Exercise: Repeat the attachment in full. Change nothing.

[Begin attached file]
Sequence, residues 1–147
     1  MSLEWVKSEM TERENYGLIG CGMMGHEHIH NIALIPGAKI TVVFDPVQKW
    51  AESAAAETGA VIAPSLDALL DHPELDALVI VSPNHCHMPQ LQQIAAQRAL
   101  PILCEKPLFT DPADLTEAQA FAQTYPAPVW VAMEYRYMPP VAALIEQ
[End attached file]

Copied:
Sequence, residues 1–147
     1  MSLEWVKSEM TERENYGLIG CGMMGHEHIH NIALIPGAKI TVVFDPVQKW
    51  AESAAAETGA VIAPSLDALL DHPELDALVI VSPNHCHMPQ LQQIAAQRAL
   101  PILCEKPLFT DPADLTEAQA FAQTYPAPVW VAMEYRYMPP VAALIEQ